In today's Ottawa Citizen, following on the heels of the recent Great Canadian Debate "The Government of Quebec can decide unilaterally to secede from Canada" MLI's Brian Lee Crowley argues that for all practical reasons, the idea of an independent Quebec is a non-starter.

Column: Tell the truth, separatism is dead

By Brian Lee Crowley, Ottawa Citizen June 21, 2013

Why will no political leader stand up and tell the truth about Quebec separatism? That truth is that separatism is dead—not, of course as something to dream about and vote for; that, like death and taxes will always be with us. No, the truth is that the hurdle is set so high for it to be done successfully and legally that separation is, for all intents and purposes, impossible.

Even Stéphane Dion, architect of the Clarity Act and one of the most courageous and rightly admired of Quebec federalists, still maintains the fiction that the key question is whether Quebec gives a clear answer to a clear question on secession. Quebec will not be kept in Canada "against its will." He said so again the other night at one of the Great Canadian Debates Series organised by my institute in Ottawa. If Quebeckers really want to go, he says, they can.

True, forcing Quebeckers to stay against their clearly expressed will is a recipe for misery. On the other hand, downplaying the certain costs Quebeckers would confront to get out of Confederation encourages separation fantasies, distorting that very decision about whether to vote to leave. The secessionists, like former Bloquiste Daniel Turp, who debated Dion, strive to make Quebeckers believe that independence would be essentially costless, while creating all kinds of benefits (we will finally be maîtres chez nous, or as the great Quebec chansonnier  Félix Leclerc put it, it would mean the end of the fat greasy fingers of strangers pawing through the family papers).

It seems clear, though, that if Quebeckers understood the real cost they would have to pay to get out of Canada, the likelihood of such a vote ever occurring would plummet. So by failing to confront Quebeckers with the truth of their legal and constitutional position, the defenders of federalism actually help to foster the climate of confusion and uncertainty that has cost the whole country so dearly, and no one more than Quebeckers themselves over the last half century.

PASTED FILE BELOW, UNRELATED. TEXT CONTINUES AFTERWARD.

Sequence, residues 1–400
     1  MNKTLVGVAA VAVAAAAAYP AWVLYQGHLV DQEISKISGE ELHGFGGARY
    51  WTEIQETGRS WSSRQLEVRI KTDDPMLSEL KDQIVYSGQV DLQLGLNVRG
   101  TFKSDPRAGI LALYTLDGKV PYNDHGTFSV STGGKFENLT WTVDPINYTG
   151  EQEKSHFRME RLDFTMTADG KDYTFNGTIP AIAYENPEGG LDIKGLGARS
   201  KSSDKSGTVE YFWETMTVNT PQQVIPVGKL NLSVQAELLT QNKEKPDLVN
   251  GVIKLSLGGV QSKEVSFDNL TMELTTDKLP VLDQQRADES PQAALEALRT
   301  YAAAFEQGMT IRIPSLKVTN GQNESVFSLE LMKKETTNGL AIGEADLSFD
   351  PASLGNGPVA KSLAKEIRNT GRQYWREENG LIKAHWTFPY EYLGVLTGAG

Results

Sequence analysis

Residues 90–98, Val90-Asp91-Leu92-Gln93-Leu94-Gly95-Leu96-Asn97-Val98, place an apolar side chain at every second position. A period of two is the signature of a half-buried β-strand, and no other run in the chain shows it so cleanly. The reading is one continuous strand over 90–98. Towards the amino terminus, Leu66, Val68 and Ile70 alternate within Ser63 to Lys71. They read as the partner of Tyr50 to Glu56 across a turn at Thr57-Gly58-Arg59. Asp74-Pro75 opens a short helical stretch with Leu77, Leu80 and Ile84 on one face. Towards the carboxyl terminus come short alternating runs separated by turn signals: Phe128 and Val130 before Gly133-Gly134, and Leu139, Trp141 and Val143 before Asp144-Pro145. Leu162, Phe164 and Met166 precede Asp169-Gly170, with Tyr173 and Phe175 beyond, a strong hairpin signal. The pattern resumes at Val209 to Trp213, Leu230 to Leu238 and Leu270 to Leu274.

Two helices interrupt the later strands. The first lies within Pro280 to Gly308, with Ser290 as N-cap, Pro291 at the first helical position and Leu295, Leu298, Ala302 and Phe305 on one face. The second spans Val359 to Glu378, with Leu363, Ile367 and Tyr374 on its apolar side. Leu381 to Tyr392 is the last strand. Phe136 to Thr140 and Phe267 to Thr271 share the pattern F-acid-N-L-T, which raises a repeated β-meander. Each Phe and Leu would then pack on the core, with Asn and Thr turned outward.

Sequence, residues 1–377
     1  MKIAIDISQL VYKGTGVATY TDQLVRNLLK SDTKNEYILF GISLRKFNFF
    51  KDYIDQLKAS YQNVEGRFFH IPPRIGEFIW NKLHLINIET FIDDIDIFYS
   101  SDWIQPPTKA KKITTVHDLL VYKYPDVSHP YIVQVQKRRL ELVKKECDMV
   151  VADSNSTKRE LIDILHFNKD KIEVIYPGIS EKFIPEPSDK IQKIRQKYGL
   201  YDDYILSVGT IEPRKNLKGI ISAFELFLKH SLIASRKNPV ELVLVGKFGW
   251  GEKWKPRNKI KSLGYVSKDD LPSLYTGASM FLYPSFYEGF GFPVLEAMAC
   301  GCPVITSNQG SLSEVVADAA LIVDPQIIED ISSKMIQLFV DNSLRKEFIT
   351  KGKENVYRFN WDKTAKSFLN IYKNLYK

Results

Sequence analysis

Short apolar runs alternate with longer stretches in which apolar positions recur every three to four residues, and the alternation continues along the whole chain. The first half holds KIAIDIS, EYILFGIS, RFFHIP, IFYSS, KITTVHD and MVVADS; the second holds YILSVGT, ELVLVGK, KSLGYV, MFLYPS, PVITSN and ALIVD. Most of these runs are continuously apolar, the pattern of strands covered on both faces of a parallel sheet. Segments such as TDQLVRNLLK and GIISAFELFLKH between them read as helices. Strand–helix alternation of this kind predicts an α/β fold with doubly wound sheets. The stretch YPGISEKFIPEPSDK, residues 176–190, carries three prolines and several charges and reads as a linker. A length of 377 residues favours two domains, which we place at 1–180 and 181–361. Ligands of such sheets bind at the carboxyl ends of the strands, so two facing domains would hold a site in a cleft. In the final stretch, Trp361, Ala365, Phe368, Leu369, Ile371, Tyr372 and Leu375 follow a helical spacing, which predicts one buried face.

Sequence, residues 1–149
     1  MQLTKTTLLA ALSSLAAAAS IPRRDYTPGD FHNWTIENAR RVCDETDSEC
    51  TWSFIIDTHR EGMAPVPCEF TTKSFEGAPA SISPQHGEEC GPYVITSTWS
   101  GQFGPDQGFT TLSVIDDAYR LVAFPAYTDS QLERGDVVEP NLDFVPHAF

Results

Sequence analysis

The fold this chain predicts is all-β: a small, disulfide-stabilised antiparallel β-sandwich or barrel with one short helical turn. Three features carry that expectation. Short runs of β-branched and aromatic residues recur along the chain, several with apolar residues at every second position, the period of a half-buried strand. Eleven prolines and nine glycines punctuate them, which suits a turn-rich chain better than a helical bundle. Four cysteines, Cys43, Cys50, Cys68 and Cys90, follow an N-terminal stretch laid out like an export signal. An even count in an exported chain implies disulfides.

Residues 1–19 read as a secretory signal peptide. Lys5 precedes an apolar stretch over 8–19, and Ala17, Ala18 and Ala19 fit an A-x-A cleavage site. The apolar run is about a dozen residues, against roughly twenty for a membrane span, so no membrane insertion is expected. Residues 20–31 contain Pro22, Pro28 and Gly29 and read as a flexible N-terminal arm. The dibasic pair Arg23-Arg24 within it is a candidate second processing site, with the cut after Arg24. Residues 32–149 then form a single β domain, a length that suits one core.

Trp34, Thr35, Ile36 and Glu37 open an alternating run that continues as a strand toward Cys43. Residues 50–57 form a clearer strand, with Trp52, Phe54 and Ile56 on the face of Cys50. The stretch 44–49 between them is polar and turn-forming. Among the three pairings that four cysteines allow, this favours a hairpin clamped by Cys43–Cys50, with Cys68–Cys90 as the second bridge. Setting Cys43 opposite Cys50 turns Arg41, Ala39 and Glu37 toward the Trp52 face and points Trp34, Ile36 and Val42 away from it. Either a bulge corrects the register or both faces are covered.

The Supreme Court had the cojones to make clear just how high the bar to secession sits in its 1998 decision on three questions referred to it by the Chrétien government. Those questions dealt with when and under what conditions Ottawa might be required to recognise a pro-independence vote in a Quebec referendum and negotiate the province's secession.

What many people, including the federal government, took away from the Court's ruling was that Quebec could not unilaterally set the rules of such a referendum. Ottawa is entitled to say it will never open negotiations on Quebec independence unless a clear question has been asked and a clear majority given. The 1999 Clarity Act gives legal form to this requirement.

Ottawa has remained silent, however, on the rest of the Supreme Court's decision, for it did not stop at setting the conditions under which Ottawa would be legally obliged to open negotiations on secession.  There were also conditions to be attached to the negotiations themselves. Those conditions include respect of the rule of law, the rights of minorities and the federal nature of Canada.

Think about what any of those conditions might mean. The rule of law means that secession must be accomplished under the Constitution. Since the Constitution does not contemplate a province leaving, it would have to be amended. Such an amendment would fall under the unanimity rule, meaning that Quebec must negotiate secession with the nine other provinces plus Ottawa; any province, even tiny Prince Edward Island, could legitimately upset the secession applecart all on its own. Nor would any province give its consent unless it got its quid pro quo; Quebec taught us that rule of constitutional negotiation. Federalism doesn't disappear simply because Quebeckers vote to make it go away.

Respecting minority rights means that Ottawa would almost certainly have to protect the interests of at least two minorities: Aboriginals (who have zero interest in leaving Canada) and federalists who voted to remain in Canada. Accordingly, Quebec could not possibly get out of the negotiations with its territory intact. Minorities given short shrift in the negotiations could turn to the Supreme Court for relief.

Fond fantasies aside, Quebec cannot, by majority vote, wave away its legal obligations. Quebec would crave and need international recognition, but that recognition will only be forthcoming if Quebec leaves according to the rules. Those are the ones the Supreme Court has laid down.  Virtually any imaginable secession deal that could emerge from such negotiations would be repugnant and unacceptable to Quebec nationalists. Result: economic devastation and deadlock, no matter how much Quebeckers might wish to leave.

Breaking up is indeed hard to do; so hard in fact that the chances of it ever occurring are microscopic. We should say so and act accordingly.

Brian Lee Crowley ( is the Managing Director of the Macdonald-Laurier Institute, an independent non-partisan public policy think tank in Ottawa:

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